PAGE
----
This is the twelfth article in a series called “How SARS-CoV-2 Evades And Suppresses The Immune System,” which will explore an underappreciated but highly significant aspect of SARS-CoV-2 replication. The ability of SARS-CoV-2 to delay, evade, and suppress the immune system has myriad implications for drugs, vaccines, and other aspects of our pandemic response. The first set of pieces in this series are intended for a general audience; the second set, for the medical community; and the third and final set, for biomedical researchers looking for a deeper understanding of variants, how they’re generated, and what we might do to control them. Read parts 1, 2, 3, 4, 5, 6, 7, 8, 9, 10, and 11.
Ganging up to knock out the key players
Interferon is a key player in the innate immune response. But interferon doesn’t operate in isolation. Its broad effectiveness is contingent on the recruitment of other genes. Once activated, many of these interferon-stimulated genes inhibit virus replication directly, whereas others rally the immune system’s second line of defense, the adaptive immune response, into action.
In Part 11, I examined the left half of the diagram below, which illustrates how SARS-CoV-2 blocks the induction of interferon (see Figure 1). We saw how SARS-CoV-2 blockade prevents synthesis of type-I interferons, limiting its action within the cell. Should any interferon escape suppression, other factors restrict its exit from the infected cell to alert nearby cells of impending danger.
Now we will turn to the latter half of the signaling pathway, more specifically how SARS-CoV-2 blocks induction of the interferon type-I induced genes and proteins.
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When type-I interferons are secreted, they bind to interferon receptors that trigger a cascade of downstream factors culminating in the expression of many interferon-stimulated genes. Two of these are the kinases Janus kinase 1 (JAK1) and Tyrosine kinase 2 (TYK2). Kinases are responsible for phosphorylation of target proteins. In this case, JAK1 and TYK2 add phosphate groups to STAT1 and STAT2, or signal transducer and activator of transcription proteins. Once phosphorylated, STAT1 and STAT2 assemble into a heterodimer. The STAT 1/STAT2 heterodimer then activates interferon regulatory factor 9 (IRF9). It is this interaction that produces interferon-stimulated gene factor 3 (ISGF3). The complex then migrates to the nucleus, where it stimulates interferon-sensitive response elements.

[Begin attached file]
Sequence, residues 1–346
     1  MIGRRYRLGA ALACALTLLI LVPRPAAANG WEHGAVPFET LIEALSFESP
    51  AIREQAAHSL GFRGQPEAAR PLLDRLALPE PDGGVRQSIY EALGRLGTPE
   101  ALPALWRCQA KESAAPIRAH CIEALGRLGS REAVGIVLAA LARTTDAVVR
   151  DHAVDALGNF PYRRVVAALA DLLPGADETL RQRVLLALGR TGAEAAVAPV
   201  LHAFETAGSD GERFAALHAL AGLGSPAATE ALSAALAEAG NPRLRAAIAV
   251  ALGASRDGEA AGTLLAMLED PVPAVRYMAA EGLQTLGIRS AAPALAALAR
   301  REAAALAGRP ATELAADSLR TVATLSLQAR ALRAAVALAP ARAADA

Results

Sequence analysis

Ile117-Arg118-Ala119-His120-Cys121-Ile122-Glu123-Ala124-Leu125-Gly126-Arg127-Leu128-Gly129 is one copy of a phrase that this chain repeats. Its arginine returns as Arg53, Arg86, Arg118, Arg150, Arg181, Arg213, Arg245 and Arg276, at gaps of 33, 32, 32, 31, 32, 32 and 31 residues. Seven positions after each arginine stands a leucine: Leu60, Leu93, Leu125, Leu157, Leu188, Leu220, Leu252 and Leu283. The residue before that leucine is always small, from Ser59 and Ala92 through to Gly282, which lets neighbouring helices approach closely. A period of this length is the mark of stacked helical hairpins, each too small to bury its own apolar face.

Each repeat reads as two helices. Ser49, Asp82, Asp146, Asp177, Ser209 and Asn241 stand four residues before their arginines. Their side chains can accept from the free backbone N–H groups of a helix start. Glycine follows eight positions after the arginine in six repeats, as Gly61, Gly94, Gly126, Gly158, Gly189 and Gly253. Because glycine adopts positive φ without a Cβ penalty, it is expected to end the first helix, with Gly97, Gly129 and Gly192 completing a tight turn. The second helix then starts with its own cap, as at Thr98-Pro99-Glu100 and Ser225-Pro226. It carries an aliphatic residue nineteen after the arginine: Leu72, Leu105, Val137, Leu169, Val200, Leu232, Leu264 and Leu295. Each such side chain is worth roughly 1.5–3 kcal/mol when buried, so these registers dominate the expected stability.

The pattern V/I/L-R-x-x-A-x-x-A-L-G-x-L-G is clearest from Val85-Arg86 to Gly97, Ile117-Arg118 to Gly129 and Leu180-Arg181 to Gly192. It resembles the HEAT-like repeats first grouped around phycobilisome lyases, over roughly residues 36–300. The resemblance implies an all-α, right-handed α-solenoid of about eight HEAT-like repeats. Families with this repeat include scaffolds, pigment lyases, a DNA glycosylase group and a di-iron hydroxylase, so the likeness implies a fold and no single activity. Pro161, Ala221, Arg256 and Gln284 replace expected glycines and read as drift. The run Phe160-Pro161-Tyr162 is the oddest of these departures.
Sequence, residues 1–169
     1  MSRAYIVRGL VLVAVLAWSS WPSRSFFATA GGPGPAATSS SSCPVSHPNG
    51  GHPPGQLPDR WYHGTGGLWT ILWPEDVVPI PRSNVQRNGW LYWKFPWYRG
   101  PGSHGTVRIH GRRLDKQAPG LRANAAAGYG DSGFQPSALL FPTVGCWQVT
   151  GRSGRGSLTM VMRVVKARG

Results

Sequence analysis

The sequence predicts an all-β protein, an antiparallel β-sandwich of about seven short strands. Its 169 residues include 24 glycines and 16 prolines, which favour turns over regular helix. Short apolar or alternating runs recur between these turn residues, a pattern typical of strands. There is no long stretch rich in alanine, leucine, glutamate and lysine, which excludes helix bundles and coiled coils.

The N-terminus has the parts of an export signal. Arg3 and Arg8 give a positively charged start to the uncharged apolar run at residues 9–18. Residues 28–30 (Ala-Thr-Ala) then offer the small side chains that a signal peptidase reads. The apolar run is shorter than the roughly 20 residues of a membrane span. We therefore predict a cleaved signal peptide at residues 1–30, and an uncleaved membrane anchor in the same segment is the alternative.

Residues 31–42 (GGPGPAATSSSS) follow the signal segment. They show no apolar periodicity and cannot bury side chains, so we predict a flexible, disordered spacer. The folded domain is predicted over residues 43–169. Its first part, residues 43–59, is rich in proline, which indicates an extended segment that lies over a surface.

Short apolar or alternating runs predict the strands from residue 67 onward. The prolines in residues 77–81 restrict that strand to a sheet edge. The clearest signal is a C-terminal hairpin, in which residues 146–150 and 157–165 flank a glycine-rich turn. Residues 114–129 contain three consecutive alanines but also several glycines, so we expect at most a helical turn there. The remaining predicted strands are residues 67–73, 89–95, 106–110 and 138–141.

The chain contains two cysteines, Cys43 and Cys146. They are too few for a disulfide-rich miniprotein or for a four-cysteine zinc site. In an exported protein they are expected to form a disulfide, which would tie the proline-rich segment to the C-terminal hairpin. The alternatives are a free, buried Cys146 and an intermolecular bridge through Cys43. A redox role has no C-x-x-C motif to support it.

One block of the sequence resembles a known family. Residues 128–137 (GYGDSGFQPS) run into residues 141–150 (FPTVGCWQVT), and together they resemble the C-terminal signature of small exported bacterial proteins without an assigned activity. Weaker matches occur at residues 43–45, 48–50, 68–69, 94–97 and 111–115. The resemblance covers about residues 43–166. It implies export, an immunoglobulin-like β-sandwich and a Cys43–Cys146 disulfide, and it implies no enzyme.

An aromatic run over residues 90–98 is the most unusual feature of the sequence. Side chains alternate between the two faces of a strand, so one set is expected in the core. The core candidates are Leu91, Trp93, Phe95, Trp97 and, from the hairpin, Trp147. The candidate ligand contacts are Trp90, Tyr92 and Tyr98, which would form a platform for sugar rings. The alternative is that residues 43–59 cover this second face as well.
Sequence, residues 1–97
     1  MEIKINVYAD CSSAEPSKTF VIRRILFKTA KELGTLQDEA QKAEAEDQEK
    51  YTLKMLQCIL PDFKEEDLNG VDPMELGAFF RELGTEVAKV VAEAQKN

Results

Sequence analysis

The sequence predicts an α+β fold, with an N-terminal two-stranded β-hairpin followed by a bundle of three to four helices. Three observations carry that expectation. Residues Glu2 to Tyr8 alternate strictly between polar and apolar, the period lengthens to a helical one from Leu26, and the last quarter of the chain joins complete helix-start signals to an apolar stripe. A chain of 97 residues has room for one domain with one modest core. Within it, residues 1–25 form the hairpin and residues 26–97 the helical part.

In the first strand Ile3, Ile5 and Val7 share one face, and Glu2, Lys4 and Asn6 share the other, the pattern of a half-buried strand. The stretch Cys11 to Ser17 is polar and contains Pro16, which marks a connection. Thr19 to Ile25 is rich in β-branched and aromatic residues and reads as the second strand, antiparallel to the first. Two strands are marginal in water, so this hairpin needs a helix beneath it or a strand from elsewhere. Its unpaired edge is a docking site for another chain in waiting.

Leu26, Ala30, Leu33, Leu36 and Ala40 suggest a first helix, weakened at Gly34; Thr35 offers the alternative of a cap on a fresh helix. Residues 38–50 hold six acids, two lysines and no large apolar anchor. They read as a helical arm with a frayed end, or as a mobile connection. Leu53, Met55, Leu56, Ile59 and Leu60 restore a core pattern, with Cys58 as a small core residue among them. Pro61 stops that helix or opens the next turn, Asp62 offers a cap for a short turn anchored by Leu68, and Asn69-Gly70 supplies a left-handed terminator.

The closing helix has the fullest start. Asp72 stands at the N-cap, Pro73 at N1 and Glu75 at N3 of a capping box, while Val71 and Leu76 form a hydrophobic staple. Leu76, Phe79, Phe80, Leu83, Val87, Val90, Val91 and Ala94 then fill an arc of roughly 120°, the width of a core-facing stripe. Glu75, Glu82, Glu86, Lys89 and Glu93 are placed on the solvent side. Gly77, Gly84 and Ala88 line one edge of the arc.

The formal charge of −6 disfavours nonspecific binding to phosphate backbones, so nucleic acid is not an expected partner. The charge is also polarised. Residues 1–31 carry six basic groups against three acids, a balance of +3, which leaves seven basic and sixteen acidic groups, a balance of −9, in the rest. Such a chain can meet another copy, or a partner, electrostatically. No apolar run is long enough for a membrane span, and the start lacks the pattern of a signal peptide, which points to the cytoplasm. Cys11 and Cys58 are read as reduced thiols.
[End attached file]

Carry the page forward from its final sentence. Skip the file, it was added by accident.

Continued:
The phosphorylation of STAT1 and STAT2 makes a key point of interference for SARS-CoV-2, which dispatches several proteins to apprehend STAT1/STAT2 before they produce ISGF3. According to a study of SARS-Cov-2 obstruction of interferon signaling pathways published in October 2020, inhibition of STAT1 phosphorylation involves the nonstructural proteins Nsp1, Nsp6, and Nsp13; the open reading frames Orf3a and Orf7b; and the M protein. The inhibition of STAT2 phosphorylation also involves Nsp6, Nsp13, and Orf7b, but Orf7a as well. The exact mechanisms of suppression are unknown, but without either phosphorylation, the STAT1/STAT2 heterodimer cannot form and therefore interferon-stimulated genes cannot be produced.
The last leg of the interferon signaling pathway that SARS-CoV-2 inhibits is the translocation of ISGF3, or the STAT1/STAT2/IRF9 complex, to the nucleus. Once there, ISGF3 can bind to interferon-stimulated response elements and thus activate the transcription of many hundreds of interferon-stimulated genes that engage in antiviral activity. Recall that in the first half of the pathway, which I described at length in my most recent article, Orf6 blocks translocation of IRF3 to the nucleus by binding to the transport receptor KPNA2. It appears that Orf6 also blocks translocation of STAT1 to the nucleus, effectively preventing the expression of interferon-stimulated genes.
Mutations that disrupt the function of any of these genes and protein pathways dramatically decrease the replication and pathogenesis of the mutant virus, as studies of new and emergent variants have shown. This will be the focus of a later article in this series. Next up, I will discuss how SARS-CoV-2 interferes with the germinal centers of infected cells.